Hawaiian Star Compass
Developed by D.J. High
To share how ancient Hawaiians were able to navigate from one island to the next with extreme accuracy, dependent upon their natural and celestial surroundings. Students will utilize their prior knowledge of cardinal directions (N, S, E, and W) and angles to build a full size Hawaiian Star Compass.
- To share how ancient Hawaiians were able to navigate from one island to the next with extreme accuracy, dependent upon their natural and celestial surroundings.
- Students will utilize their prior knowledge of cardinal directions (N, S, E, and W) and angles to build a full size Hawaiian Star Compass.
CCSS 5.NF.6 – Solve real world problems involving multiplication of fractions and mixed numbers.
HCPS-III SC.5.2.1 – Use models and/or simulations to represent and investigate features of objects, events, and processes in the real world.
HCPS-III SC.5.8.1 – Describe the relationship of Earth (size and distance) to other components in the solar system
- Students will oli in guests and provide lei (or other gifts) as a symbol of welcoming and aloha. Introduce guests and provide a brief background as to who they are and why they have joined us today.
- Begin by asking class where Hōkūleʻa is/was last time they checked in with the canoes and ask where they are headed next. Lead a discussion about how the crew knows how/where they are headed without the use of modern instruments such as a compass or GPS
- Review the four cardinal directions(English and Hawaiian) and the degrees of measurement between each (90). Discuss where each cardinal direction may lie in our ahupua’a based on their own observations of natural elements (sun, winds, etc.). Allow time for student discussion before whole group answers.
- Announce to students that we will be going outside to create a life size star compass on the field. If splitting the class, break students into two groups before leaving the classroom. Go over expectations of behavior and participation amongst the groups. Transition outside.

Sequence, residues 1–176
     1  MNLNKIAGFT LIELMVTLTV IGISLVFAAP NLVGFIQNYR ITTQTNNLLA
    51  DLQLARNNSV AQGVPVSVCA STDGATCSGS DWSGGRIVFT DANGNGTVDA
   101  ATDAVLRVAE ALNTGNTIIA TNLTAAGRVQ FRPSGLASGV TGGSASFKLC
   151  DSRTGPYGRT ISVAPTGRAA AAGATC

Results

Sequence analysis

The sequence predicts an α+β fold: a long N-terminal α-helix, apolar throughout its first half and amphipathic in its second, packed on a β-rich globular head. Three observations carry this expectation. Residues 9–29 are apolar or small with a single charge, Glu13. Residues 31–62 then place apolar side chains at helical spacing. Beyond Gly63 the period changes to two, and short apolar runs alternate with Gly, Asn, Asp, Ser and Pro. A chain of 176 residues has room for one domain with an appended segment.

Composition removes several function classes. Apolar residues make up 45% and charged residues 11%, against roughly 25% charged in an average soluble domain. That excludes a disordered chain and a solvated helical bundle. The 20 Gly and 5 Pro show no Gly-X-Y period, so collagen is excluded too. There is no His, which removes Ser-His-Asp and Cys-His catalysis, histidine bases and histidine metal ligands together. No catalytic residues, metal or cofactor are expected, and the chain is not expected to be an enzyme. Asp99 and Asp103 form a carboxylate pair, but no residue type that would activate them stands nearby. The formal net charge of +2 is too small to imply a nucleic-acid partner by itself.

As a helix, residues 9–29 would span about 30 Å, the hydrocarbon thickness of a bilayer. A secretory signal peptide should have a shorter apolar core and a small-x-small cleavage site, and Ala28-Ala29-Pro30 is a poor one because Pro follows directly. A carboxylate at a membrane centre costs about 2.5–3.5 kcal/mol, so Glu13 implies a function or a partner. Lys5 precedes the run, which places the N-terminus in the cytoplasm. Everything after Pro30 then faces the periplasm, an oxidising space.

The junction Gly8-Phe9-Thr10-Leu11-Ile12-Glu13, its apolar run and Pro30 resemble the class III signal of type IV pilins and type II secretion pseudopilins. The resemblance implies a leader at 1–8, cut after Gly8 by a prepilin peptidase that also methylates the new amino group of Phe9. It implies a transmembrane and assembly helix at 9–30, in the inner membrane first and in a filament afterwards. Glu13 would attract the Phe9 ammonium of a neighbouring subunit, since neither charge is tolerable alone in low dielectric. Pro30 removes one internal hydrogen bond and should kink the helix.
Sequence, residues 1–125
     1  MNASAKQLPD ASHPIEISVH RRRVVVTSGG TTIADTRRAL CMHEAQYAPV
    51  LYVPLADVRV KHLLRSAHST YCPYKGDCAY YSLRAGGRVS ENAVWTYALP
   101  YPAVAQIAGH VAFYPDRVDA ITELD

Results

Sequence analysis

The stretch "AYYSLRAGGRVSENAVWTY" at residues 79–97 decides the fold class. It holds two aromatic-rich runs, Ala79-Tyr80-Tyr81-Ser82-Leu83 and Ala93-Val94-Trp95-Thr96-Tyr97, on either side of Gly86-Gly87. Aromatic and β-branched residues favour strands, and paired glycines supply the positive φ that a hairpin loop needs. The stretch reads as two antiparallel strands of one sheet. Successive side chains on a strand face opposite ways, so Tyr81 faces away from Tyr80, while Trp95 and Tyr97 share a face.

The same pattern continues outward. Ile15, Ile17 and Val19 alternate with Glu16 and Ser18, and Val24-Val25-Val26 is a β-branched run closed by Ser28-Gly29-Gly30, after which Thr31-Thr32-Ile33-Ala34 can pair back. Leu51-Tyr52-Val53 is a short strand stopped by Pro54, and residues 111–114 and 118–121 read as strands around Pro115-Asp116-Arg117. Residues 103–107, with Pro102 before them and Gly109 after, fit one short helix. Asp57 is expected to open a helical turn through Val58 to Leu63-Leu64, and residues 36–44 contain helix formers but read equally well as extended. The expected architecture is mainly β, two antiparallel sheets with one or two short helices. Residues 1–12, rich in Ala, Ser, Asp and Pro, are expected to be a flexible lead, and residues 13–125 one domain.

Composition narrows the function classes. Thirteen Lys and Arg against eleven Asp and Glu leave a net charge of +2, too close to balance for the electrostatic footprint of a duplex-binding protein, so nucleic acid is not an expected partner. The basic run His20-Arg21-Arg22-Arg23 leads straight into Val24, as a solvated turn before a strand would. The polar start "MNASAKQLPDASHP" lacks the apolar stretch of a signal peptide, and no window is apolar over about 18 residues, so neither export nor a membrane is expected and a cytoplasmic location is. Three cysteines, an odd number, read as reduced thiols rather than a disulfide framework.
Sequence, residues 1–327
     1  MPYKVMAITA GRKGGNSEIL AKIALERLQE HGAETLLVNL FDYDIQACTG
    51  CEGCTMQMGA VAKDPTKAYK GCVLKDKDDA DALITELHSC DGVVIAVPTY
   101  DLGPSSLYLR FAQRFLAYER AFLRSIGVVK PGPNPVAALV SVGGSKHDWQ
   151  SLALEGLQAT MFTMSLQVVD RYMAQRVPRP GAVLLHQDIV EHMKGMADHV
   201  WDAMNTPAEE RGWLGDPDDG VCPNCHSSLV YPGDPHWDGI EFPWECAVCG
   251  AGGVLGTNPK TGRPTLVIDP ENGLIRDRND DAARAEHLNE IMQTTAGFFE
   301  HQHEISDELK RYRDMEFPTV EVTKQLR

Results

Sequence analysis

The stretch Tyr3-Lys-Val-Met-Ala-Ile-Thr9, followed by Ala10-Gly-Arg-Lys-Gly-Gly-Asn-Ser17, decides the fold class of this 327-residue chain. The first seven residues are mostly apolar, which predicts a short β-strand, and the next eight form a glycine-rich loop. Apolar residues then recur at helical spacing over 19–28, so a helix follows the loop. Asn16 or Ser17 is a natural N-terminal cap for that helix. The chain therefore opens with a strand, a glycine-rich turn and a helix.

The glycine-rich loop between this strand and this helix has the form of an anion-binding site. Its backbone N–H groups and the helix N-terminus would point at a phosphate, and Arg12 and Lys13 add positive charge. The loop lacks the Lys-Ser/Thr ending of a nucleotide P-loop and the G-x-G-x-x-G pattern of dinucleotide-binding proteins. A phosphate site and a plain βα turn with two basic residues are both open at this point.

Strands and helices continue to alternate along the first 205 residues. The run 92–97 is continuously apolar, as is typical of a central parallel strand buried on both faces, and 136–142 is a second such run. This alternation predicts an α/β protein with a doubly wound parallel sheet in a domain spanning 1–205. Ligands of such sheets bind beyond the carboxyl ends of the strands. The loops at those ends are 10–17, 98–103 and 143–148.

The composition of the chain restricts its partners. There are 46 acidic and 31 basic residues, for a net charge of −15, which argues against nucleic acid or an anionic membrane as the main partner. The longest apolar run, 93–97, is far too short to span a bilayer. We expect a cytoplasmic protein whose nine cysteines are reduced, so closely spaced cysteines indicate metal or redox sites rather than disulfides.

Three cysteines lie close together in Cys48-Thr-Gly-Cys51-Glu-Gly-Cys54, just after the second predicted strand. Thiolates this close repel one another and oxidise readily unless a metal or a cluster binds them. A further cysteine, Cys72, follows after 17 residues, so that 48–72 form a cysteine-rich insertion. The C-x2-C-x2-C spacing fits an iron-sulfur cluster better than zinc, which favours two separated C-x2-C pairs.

- Provide 5-10 minutes for natural material collection. Each student should have one item (two per student if breaking into two groups) to contribute to the physical compass. These items should be natural, not able to blow away, and can easily be returned to their original setting after the lesson.
- Bring students together in their groups, and have them orient themselves based on their knowledge of natural elements. Have students use whiteboards to depict their four cardinal directions. Delegate students to use a protractor and string to mark out exactly 90⁰ between each of the cardinal directions. Have students justify their positions to each other and explain why they believe each direction goes where they have positioned it, if students disagree allow/facilitate group discussion. Use a compass or iPhone compass app to check the accuracy of cardinal directions. Make adjustments to cardinal directions as needed.
- Explain to students that each quadrant of the star compass has seven “houses” where the stars rise and set. Provide examples of the stars and depict how they move across the night sky, but never cross hemispheres. Teach students the Star House Dance and have them repeat to learn the names of the houses.
- Once students are maʻa with the star dance and order of the houses, have seven students equally space themselves out in each quadrant and use natural materials to mark each house division. Repeat for all four quadrants. Review Star House Dance.
- Re-depict how stars move from one house to another and describe the movement of winds, currents, waves, and animal movements/migrations. Have student volunteers “act” out the movements of different forces of nature.
- If time allows, provide students a geographic location to set their course as if they were sailing to a new destination. Practice uses of star houses and quadrants to set course direction.
- Students will be assessed on their ability to correctly build a Hawaiian Star Compass based off of its alignment through natural forces.
- Students will also need to correctly label cardinal directions on their compass and use a protractor to mark out 90⁰ angles between each direction.
- The students’ ability to work cohesively will come into play as their GLO of community contributor
- Natural materials to use as markers (rocks, sticks, etc.)
- iPhone compass app
- Individual whiteboards (4 or 8)
- Whiteboard markers (4 or 8)